Becoming a Better Developer, Part 2: Know Your Core Competencies

For years business consultants have instructed businesses to “know your core competencies.” What this means is “know what you do well and stick to it.”

For example: Harley Davidson makes great motorcycles. But they’re probably not so good at making perfume.

Smith & Wesson makes some of the best six-shooters around, but I question whether their bicycles will be a smashing success.

McDonald’s is…well I won’t say they’re very good at making food, but they are pretty good at selling a ton of it. But they should never, and I mean not between now and the day that Eternity decides to cash it in and become a Las Vegas showgirl, make a Lobster Sandwich.

As a developer knowing your core competencies can help keep you out of trouble. I’ve been building web applications for most of my career and I’d like to think that I’m pretty good at it. But there are certain things I’ve never done and would not do well right off the bat: writing a compiler, building a super-fast search application, and implementing my own encryption algorithm are a few that come to mind. This reminds me of a story…

I was co-maintaining a successful e-commerce website and we were looking for a way to encrypt passwords so they wouldn’t be stored in plain text. The site was written in Java, which I had used for the previous 6 months or so, but even after 6 months I could not for the life of me find anything in Sun’s documentation (does anyone know how to effectively use their search tool?).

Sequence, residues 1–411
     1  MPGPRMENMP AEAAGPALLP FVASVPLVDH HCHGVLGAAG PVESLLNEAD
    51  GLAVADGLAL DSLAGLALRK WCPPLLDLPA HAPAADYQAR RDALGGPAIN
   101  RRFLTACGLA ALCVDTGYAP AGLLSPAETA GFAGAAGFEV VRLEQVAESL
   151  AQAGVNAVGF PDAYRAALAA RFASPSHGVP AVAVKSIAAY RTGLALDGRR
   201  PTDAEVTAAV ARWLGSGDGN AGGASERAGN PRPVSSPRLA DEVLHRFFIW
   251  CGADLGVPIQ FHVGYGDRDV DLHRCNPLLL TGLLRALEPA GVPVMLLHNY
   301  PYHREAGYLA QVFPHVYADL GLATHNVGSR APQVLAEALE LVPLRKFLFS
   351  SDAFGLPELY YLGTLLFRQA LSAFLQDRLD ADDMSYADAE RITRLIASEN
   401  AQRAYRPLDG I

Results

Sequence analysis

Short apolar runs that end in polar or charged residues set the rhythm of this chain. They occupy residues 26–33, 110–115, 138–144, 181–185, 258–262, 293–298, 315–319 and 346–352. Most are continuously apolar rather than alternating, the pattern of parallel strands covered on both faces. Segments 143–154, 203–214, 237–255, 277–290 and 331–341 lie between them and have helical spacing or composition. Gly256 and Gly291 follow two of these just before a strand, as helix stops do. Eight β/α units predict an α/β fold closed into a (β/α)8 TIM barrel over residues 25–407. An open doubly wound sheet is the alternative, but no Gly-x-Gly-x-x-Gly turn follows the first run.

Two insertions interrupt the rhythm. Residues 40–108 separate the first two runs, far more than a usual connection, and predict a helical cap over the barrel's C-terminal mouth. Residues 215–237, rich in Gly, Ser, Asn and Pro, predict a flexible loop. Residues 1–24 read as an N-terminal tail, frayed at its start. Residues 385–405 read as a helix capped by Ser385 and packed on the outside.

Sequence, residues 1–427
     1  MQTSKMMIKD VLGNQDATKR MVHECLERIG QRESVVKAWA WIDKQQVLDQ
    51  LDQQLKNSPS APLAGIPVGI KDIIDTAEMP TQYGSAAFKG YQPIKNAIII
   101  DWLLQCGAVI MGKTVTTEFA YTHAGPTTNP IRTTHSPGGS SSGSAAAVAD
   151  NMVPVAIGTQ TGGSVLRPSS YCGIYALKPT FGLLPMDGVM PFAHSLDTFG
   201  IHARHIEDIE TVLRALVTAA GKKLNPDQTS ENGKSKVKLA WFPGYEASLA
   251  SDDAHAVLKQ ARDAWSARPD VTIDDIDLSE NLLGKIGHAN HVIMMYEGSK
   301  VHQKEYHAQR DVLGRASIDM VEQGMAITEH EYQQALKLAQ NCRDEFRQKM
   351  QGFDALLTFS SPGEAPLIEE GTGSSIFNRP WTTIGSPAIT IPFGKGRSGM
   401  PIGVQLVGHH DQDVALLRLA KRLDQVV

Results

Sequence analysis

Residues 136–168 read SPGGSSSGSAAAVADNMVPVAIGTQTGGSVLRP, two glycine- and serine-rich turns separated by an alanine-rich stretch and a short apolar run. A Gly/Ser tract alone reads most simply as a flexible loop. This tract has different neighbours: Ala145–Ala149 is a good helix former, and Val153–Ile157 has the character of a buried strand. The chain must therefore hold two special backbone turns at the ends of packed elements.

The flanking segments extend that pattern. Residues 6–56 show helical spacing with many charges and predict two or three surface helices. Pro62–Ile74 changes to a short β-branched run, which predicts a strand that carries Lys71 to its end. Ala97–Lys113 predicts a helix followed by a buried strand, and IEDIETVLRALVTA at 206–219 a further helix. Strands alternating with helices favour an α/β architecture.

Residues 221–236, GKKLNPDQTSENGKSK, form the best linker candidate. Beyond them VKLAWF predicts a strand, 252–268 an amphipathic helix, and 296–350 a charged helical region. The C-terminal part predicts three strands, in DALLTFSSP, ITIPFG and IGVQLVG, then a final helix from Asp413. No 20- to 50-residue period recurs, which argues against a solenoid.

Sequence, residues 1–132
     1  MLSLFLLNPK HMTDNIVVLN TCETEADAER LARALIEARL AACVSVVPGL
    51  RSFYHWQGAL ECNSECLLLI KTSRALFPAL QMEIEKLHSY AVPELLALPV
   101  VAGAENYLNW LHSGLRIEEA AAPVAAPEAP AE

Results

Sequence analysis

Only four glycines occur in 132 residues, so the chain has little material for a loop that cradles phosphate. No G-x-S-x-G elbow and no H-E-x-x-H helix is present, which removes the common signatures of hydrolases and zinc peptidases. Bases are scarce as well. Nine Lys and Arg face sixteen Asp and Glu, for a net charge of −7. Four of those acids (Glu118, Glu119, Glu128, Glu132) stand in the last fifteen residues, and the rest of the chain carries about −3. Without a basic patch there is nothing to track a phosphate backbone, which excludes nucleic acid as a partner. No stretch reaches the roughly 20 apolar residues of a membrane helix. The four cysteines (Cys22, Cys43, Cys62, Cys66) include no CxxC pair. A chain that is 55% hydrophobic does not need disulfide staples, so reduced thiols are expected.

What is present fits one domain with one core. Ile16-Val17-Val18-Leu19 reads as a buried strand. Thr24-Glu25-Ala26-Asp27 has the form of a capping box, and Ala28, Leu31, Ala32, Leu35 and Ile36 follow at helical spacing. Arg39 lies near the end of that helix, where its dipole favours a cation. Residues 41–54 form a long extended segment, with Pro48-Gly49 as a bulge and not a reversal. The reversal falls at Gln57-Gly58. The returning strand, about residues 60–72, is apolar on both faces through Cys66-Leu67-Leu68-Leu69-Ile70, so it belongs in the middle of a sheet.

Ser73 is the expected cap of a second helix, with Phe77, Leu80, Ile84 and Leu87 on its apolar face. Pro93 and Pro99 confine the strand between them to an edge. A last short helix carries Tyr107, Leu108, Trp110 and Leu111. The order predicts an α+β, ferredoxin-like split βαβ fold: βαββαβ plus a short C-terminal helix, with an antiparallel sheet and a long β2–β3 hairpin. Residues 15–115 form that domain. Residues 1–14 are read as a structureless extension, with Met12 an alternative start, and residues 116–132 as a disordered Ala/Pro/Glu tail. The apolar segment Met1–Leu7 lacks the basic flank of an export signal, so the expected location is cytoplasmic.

After literally hours of combing through the documentation I gave up and decided to write a quick, simple encryption algorithm to hash passwords. Take the ascii value of each character, add something to it, divide by something…whatever, it’s all just numbers, right?


Street in AntiguaI implemented it. We launched. And sure enough, within a few days people were complaining that they couldn’t login. I thought surely we had a bizarre coincidence on our hands; ten people all at once misremembering their passwords. I was ready to call the papers until, after about 20 minutes of investigation, I realized that my encryption algorithm didn’t really work for a couple of characters at the edge of the visible ascii range. It processed the values, but the encrypted result was actually an invisible character, also known as a “control” character.

Control characters can create difficulty because anytime they cross a boundary, whether from the database to the application, or the application to a web browser, they run the risk of being accidentally changed up by a mis-encoding between the layers. Sure enough, some of the decrypted ascii values were incorrect resulting in a handful of people who couldn’t login.

On that day I learned the importance of sticking to what you do well. After many successful launches we had our first setback; luckily we were able to fix it without a lot of effort.

This doesn’t mean that you should never branch into new things. On the contrary, you must constantly build on your core competencies or become outdated. But be smart about it.

Realize that moving from building web applications to desktop applications is not a huge stretch. Moving from web applications to compilers, while possible, is going to take more than browsing an online tutorial. And stay away from encryption; it’s a nasty beast!

When dealing with tasks completely outside your realm of knowledge expect to spend a lot of time researching, becoming familiar with the subject, and learning it slowly as opposed to copying and pasting the first code sample you see.

I can make web applications like it’s nobody’s business, but don’t hire me to work on your next compiler.

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#1 http:// on 07.13.05 at 6:28 am

McDonalds does sell a lobster sandwich… in Maine.

#2 rwalling on 07.13.05 at 7:23 am

That was part of the irony of me saying that they should never sell one…they already do 🙂